Fifteen years ago, in responding to the question of why producers were receiving so little for their livestock, Dr. John Helmuth (economist, meat industry expert, and longtime critic of meat industry consolidation) said, “There is an economic term to describe this phenomenon: It is called stealing.”
Compared to a competitive time in the industry in the 1970’s, the monopoly power of the big retailers and meat packers has left today’s cattle producers nearly $600 per head short of their share of what consumers spend for beef at the retail meat counter. According to USDA data, there has been nearly a 20% loss of the consumer dollar at the farm gate since 1975. The economies of scale and efficiency arguments that enabled today’s unprecedented concentration have destroyed the competitive marketplace while removing nearly half of our ranchers from the land. The market power gained through concentration and consolidation has provided the big retailers and meat packers the ability to extract record unfair profits from both producers and consumers.
“A modern plantation system is what it is,” said Robert Taylor, a professor of agriculture economics at Auburn University as quoted from Obama’s Game of Chicken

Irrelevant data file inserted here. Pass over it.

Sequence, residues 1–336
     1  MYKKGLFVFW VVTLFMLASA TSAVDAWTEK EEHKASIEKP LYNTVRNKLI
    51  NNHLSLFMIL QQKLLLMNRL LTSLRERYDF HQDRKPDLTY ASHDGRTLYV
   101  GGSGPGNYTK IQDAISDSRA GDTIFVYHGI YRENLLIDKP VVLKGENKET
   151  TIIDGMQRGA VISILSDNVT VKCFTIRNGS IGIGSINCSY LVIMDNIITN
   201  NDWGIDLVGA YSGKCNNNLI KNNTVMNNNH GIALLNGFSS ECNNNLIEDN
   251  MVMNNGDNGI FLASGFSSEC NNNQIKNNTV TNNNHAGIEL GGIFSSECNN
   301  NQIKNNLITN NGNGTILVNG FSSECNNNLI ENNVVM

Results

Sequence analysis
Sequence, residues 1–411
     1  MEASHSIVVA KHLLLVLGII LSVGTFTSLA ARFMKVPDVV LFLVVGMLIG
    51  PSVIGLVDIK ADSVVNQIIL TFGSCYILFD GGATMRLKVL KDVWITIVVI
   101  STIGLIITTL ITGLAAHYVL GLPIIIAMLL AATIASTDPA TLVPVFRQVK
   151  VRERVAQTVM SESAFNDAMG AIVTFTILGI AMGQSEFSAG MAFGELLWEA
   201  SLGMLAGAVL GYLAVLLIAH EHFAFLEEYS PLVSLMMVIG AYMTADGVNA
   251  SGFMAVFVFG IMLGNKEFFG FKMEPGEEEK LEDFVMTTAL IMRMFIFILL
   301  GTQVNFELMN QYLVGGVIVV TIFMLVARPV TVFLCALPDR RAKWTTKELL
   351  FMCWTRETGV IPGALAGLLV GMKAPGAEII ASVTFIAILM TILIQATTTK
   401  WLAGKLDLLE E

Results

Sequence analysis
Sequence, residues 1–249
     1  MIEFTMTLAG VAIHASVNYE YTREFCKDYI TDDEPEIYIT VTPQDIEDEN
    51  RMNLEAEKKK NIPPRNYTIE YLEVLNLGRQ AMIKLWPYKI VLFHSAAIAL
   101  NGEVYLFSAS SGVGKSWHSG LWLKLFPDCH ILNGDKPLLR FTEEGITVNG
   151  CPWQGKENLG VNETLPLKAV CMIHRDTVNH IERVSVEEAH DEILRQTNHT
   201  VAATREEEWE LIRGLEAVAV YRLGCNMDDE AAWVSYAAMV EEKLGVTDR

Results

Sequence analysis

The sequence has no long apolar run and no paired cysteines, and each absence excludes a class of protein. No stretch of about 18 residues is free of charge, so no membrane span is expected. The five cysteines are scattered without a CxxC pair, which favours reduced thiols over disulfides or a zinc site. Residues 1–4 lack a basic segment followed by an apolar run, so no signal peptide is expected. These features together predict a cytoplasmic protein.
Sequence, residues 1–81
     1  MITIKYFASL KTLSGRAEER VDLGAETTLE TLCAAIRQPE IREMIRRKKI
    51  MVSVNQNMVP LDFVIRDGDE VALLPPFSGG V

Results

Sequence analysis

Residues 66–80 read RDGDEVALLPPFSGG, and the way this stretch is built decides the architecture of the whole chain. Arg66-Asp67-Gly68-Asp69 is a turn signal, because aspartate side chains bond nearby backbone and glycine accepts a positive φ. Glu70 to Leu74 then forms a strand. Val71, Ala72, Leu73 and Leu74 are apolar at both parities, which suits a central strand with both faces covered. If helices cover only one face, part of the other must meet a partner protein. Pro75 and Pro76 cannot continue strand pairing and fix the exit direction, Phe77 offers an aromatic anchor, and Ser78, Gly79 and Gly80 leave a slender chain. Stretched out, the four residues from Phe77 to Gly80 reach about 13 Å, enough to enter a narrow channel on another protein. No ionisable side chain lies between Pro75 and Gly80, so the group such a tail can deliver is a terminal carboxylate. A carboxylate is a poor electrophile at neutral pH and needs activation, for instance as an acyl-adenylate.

Weapons of Market Destruction:
– Unregulated concentration and consolidation
– Cooperation replacing competition among biggest packers
– Price leadership by dominate packer
– Captive supplies including:
* Packer ownership of livestock
* Forward Contracts
* Formula contracts (equiv: nuclear warhead)
– Allocation of territory
– Manipulation of futures market
– Talking the market lower (mentally conditioning seller – bidding not-to-buy)
– Agency capture – USDA shields big packers from P&S Act
At an average slaughter weight of 1,350 lbs., and the average retail price of $5.35/pound, a finished animal is worth around $3,033 per head at Walmart, King Soopers and Safeway.
Retail yield is approximately 42% of the live weight on the typical slaughter animal. 1,350 lbs. x 42% = 567 pounds of retail meat at $5.35 cents per pound equals $3,033 value per head at the retail meat counter.
Additionally, the packer is making approximately $190/head ($14.11 x 1,350 lbs.) on the By-Product Drop Value.
The producer of cattle invests over 85% of the capital, nearly all the labor, nearly all the management, takes nearly all the risk – and today, while consumers pay record high prices for beef, they go broke – it’s called stealing:
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